"...provides and energetic and highly informed look at environmental and political movements to nonviolently 'reclaim the streets.'" Publishers Weekly "...those who have felt themselves being smothered for the sake of an artificial community will find it difficult not to share his sympathies..." Booklist Strongly recommended for anyone interested in cities and city life. -Choice "His firsthand field experience and passion add insight to his discussion of the daily lives of these groups and give his personal accounts excitement and interest."--Mindy S. Wilson, Contemporary Sociology
"...provides and energetic and highly informed look at environmental and political movements to nonviolently 'reclaim the streets.'" Publishers Weekly "...those who have felt themselves being smothered for the sake of an artificial community will find it difficult not to share his sympathies..." Booklist Strongly recommended for anyone interested in cities and city life. -Choice "His firsthand field experience and passion add insight to his discussion of the daily lives of these groups and give his personal accounts excitement and interest."--Mindy S. Wilson,Contemporary Sociology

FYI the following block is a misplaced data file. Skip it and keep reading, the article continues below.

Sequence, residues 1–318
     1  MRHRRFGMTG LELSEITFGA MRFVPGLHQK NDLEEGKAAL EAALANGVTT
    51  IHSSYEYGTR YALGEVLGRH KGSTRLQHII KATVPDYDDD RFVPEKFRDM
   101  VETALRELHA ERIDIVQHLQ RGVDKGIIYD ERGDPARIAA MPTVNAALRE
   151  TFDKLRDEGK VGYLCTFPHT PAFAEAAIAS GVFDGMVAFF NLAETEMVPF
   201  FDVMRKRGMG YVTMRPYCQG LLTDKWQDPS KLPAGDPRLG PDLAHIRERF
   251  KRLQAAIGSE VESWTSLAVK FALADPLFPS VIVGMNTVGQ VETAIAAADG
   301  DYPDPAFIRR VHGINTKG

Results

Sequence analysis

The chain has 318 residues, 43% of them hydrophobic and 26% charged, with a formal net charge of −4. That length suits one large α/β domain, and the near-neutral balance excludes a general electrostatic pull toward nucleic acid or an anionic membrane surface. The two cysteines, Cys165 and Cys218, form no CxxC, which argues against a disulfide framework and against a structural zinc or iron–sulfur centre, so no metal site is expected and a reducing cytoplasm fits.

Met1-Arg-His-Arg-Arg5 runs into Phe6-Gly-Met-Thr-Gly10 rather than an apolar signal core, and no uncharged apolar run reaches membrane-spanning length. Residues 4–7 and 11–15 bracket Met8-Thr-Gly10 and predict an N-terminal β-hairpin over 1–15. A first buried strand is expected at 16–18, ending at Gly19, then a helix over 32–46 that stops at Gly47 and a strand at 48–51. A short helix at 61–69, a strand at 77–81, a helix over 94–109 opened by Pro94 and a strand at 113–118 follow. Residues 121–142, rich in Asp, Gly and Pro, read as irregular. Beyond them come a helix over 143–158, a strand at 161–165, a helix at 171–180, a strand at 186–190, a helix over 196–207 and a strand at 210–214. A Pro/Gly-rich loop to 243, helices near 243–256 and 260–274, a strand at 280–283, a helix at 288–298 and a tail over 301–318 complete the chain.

"...provides and energetic and highly informed look at environmental and political movements to nonviolently 'reclaim the streets.'" Publishers Weekly "...those who have felt themselves being smothered for the sake of an artificial community will find it difficult not to share his sympathies..." Booklist "His firsthand field experience and passion add insight to his discussion of the daily lives of these groups and give his personal accounts excitement and interest."--Mindy S. Wilson, Contemporary Sociology
This item was reviewed in: